- symptoms of depression--sleep problems, weakness, tired feeling, mood changes.
Common side effects may include:
- light vaginal bleeding or spotting;
- nausea (especially when you first start taking this medicine), vomiting, bloating;
- changes in weight or appetite;
- breast tenderness or swelling;
- freckles or darkening of facial skin, increased hair growth, loss of scalp hair;
- headache; or
- vaginal itching or discharge.
Warnings and Precautions
Taking birth control pills can increase your risk of blood clots, stroke, or heart attack, especially if you have certain other conditions, or if you are overweight.
Smoking can greatly increase your risk of blood clots, stroke, or heart attack. You should not take birth control pills if you smoke and are over 35 years old.
Taking birth control pills can increase your risk of blood clots, stroke, or heart attack. You are even more at risk if you have high blood pressure, diabetes, high cholesterol, or if you are overweight. Your risk of stroke or blood clot is highest during your first year of taking birth control pills. Your risk is also high when you restart birth control pills after not taking them for 4 weeks or longer.
Do not use if you are pregnant. Stop taking this medicine and tell your doctor if you become pregnant, or if you miss two menstrual periods in a row. If you have recently had a baby, wait at least 4 weeks before taking birth control pills.
You should not take birth control pills if you have:
- untreated or uncontrolled high blood pressure;
- heart disease (coronary artery disease, uncontrolled heart valve disorder, history of heart attack, stroke, or blood clot);
- a blood-clotting disorder or circulation problems;
- problems with your eyes, kidneys or circulation caused by diabetes;
- a history of hormone-related cancer such as breast or uterine cancer;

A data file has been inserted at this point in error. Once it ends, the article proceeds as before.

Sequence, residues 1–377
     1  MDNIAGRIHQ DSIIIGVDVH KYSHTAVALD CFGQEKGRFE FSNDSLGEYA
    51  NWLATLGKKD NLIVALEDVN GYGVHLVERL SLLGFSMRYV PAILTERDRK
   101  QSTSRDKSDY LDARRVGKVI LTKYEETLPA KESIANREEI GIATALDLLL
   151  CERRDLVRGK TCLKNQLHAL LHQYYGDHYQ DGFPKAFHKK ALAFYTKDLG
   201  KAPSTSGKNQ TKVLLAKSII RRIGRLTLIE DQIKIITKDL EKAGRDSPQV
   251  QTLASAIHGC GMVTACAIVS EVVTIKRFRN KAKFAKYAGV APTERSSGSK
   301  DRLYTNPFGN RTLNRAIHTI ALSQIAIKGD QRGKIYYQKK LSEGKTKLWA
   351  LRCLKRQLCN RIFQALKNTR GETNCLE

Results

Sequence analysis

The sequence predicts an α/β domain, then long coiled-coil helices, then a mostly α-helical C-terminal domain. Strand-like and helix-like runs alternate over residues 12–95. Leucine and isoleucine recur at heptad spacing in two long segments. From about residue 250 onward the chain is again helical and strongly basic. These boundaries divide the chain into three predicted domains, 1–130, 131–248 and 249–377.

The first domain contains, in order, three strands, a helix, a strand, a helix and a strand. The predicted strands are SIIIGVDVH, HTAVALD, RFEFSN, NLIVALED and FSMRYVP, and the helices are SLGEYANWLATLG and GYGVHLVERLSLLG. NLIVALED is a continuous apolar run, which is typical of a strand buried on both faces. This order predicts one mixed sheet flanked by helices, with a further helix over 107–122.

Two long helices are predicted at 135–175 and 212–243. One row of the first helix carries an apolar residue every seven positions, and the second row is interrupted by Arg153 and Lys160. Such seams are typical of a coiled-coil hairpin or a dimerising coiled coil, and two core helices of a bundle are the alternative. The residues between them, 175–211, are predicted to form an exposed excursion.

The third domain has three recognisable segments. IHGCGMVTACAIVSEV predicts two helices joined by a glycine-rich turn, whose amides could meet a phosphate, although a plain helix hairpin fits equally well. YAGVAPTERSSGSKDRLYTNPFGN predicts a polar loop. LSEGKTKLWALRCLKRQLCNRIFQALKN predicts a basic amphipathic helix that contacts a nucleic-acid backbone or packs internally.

- unusual vaginal bleeding that has not been checked by a doctor;
- liver disease or liver cancer;
- severe migraine headaches (with aura, numbness, weakness, or vision changes);
- a history of jaundice caused by pregnancy or birth control pills; or
- if you smoke and are over 35 years old.
To make sure birth control pills are safe for you, tell your doctor if you have:
- high blood pressure, varicose veins;
- high cholesterol or triglycerides;
- a history of depression;
- underactive thyroid, gallbladder disease;
- seizures or epilepsy;
- a history of irregular menstrual cycles;
- tuberculosis; or
- a history of fibrocystic breast disease, lumps, nodules, or an abnormal mammogram.
The hormones in birth control pills can pass into breast milk and may harm a nursing baby. This medicine may also slow breast milk production. Do not use if you are breast feeding a baby.
Interactions with this medication
Birth control pills will not protect you from sexually transmitted diseases--including HIV and AIDS. Using a condom is the only way to protect yourself from these diseases.
Many drugs can interact with birth control pills and make them less effective, which may result in pregnancy. DESOGEN can also affect blood levels of certain other drugs, making them less effective or increasing side effects. This includes prescription and over-the-counter medicines, vitamins, and herbal products. Tell each of your health care providers about all medicines you use now and any medicine you start or stop using.
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The above information is an educational aid only. It is not intended as medical advice for individual conditions or treatments. Talk to your doctor, nurse or pharmacist before following any medical regimen to see if it is safe and effective for you.